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Home / Opinion / Opinion: Consent

Opinion: Consent

Consent is a heavy subject, and not just a simple black and white. Everyone knows the very basics of sexual consent; we all know that having sex with someone who says no is rape. However, life is never clear cut and some incidents and circumstances can be difficult to make sense of. Given the numerable allegations of sexual assault against Harvey Weinstein, and then others after the story broke, and the #MeToo trend raising awareness to sexual assault, now is a good time to discuss what consent actually is and clear up misconceptions.

I think a partial lack of understanding of consent stems for it rarely being mentioned in Sex Education. Given that the vast majority of primary schools are in the hands of the Catholic Church, for most people, “the talk” is riddled with religious bias and focuses almost solely on procreation. There is no set standard of what we’re taught on the matter. I know some people who never had the talk, others who were essentially told that “when you’re a married couple and want to make a baby…”, and a rare few who actually had comprehensive unbiased sexual education.

In my secondary school, we had the same nurse come in every year, with the same PowerPoint presentation and videos. She had around an hour and a half (two class periods) to get through everything, and promised us so much, yet every year without fail made it to the exact same point in the presentation before her time ran up and we had to leave. She always promised to get further next time and never did.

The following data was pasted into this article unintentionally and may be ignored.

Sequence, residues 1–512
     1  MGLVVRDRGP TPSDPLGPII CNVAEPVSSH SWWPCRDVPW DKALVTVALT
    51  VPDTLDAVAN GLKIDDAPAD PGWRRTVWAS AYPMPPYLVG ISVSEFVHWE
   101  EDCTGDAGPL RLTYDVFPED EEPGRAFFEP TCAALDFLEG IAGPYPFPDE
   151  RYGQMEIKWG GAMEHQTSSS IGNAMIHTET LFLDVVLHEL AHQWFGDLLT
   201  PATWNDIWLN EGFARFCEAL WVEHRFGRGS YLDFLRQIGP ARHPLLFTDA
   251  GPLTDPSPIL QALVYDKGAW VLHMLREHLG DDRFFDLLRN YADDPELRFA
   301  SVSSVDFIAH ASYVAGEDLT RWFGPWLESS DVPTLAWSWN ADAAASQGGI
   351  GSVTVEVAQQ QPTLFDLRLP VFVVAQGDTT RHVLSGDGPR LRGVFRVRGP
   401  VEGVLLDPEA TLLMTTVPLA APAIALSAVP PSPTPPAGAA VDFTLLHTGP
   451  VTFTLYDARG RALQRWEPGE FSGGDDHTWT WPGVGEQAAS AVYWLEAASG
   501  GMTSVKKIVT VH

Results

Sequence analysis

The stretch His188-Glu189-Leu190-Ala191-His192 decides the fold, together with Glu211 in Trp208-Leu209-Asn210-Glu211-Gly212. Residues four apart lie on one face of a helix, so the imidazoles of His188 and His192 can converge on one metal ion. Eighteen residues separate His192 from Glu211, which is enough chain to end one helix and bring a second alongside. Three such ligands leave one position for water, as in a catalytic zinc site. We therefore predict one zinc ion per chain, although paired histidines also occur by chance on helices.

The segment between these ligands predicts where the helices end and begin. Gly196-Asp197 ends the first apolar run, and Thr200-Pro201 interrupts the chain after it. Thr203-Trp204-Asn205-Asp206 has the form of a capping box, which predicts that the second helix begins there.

We had enough graphic images of STIs burned into our skulls to put us off lunch every year and could probably recite the script of the video about how all the images we might see of private bits are photo shopped or the result of plastic surgery. The word consent was never uttered once. In fact, anything valuable or new information was never taught to us. Everyone had to simply educate themselves or continue uninformed.

I believe it’s partially because of this, people make it all the way to college and then out into the real world with inaccurate knowledge of the birds and the bees. I in no way am accusing schools of negligence; I think many just assume the parents will cover it with their kids. Meanwhile, the parents are assuming the school is going to teach it to their kids. The reality is no one wants to sit a teenager or child down to talk about sex. I often wonder if we implemented a set standard and curriculum in all schools to be given by unbiased professionals would it make a difference. I believe people would be somewhat safer, but I’m not naïve enough to hope that it would eradicate sexual violence all together.

Last year, the UL Student Union had to cancel the consent classes it tried to host after only 14 students signed up. It’s too late by the time students are in college to teach them Sex Education or about consent, by that point a large amount of students are already sexually active, and a proportion of them will have had some sort of pregnancy or STI scare, and even sadder, some will have had their consent violated. It needs to be discussed from a young age so that when the time comes, people are educated.

This isn’t going to stop sexual violence, but we need to understand that sexual assault for the most part isn’t the stereotypical incident of women being ambushed by men at night.